Evaluation of personalised supports

Title: An evaluation of personalised supports to individuals with disabilities and mental health difficulties

Research team: Prof. Roy McConkey and colleagues, University of Ulster

Results: Summary report published October 2013. Full report published October 2013. A video, presentation and podcast are also available.


Internationally, increased attention is focused on the provision of personalised supports to people with disabilities and enduring illness. Personalised or individualised supports are those which address the unique needs of the individual focusing on their strengths and abilities, which are chosen by the person and which are delivered in the community fostering inclusion and participation. Recent Irish policy documents have also described and recommended a way of supporting people with disabilities which involves a reframing of provision from services towards individualised supports. The Value for Money and Policy Review of Disability Services recommends that the goal of full inclusion and self-determination for people with disabilities be pursued “through access to the individualised personal social supports and services needed to live a fully included life in the community.”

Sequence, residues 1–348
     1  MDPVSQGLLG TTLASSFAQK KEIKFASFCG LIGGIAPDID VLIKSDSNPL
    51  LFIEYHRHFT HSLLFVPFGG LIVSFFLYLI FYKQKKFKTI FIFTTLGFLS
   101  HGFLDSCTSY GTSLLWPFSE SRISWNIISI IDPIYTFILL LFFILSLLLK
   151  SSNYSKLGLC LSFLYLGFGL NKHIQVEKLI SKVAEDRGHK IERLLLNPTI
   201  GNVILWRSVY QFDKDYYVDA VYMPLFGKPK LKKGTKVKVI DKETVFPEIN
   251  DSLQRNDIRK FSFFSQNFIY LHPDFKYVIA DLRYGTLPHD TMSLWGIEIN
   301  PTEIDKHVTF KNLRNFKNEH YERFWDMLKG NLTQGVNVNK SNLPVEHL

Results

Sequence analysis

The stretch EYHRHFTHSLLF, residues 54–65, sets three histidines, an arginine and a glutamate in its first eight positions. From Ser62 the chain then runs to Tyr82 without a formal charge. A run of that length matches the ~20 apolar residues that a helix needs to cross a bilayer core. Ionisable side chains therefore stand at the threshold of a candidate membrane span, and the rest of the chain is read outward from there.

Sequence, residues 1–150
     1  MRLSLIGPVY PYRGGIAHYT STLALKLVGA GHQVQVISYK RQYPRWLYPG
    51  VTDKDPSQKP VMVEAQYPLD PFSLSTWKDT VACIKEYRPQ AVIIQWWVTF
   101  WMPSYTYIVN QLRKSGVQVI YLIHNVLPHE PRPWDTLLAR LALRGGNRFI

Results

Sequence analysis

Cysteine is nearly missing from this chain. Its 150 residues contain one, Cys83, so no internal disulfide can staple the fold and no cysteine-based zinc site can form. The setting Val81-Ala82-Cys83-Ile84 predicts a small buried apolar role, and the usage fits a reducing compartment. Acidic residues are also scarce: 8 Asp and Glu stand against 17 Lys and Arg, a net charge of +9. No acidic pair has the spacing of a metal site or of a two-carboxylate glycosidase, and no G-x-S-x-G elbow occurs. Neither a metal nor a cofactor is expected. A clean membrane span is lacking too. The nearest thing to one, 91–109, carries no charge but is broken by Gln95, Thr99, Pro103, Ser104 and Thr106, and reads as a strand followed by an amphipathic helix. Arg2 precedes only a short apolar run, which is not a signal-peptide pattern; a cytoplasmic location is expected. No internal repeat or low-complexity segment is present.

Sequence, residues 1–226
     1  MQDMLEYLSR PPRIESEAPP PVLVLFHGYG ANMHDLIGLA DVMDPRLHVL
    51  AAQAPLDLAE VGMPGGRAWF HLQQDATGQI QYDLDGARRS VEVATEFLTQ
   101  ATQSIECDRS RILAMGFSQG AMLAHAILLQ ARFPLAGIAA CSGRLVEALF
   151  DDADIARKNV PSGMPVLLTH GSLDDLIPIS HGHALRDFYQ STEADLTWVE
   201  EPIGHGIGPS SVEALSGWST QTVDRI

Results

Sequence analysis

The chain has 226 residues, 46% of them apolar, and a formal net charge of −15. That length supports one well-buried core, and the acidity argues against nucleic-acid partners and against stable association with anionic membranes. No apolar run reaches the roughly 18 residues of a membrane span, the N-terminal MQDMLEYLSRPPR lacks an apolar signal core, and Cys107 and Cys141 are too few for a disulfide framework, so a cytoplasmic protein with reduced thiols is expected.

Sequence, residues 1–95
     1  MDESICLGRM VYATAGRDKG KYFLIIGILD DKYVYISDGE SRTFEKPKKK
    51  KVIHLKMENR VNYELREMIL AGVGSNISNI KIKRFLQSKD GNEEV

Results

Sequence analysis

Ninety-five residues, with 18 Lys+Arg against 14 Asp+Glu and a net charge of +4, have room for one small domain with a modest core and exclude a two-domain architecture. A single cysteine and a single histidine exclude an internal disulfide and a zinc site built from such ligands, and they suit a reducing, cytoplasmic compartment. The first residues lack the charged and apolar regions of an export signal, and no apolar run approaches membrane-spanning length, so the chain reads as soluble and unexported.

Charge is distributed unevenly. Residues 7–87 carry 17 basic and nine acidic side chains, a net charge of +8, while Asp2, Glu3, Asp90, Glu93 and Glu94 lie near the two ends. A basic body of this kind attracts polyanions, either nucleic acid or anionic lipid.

Aims of the evaluation

In this context this evaluation was concerned with identifying:

  1. The outcomes for people with disabilities and mental health difficulties receiving individualised supports; particularly on indicators of social inclusion and quality of life but also in relation to their individual aspirations, including assessing changes over time as people move from congregated settings to more personalised arrangements;
  2. The processes which have led to effective change and transition in terms of personal outcomes and the delivery of individualised supports;
  3. The direct costs of providing the personalised support for service users and how these costs have changed as a result of the changes in support provided;
  4. The implications for the further development of personalised services in an Irish service context.

Key findings

  • Personalisation produces better outcomes than congregated care;
  • Quality of Life improvements are evident for those who move from congregated care
  • The costs of personalised support and accommodation are considerably lower than those for people in congregated settings, even though some people in personalised arrangements have the highest costs within the sample
  • Group homes do not offer personalised accommodation or support – this has implications for how future deinstitutionalisation is carried out
  • Relatives initial concerns are often not borne out
  • Personalised housing and support options are feasible to implement in Ireland
  • This work takes time to get the optimum outcomes for individuals.

Follow-up study

A further data uplift by Prof. Roy McConkey and colleagues, University of Ulster (UU) is taking place on this study. This will enable the longer-term impact of a move to independent living to be established as well as the impact on those individuals who had only just moved at the end of the initial study.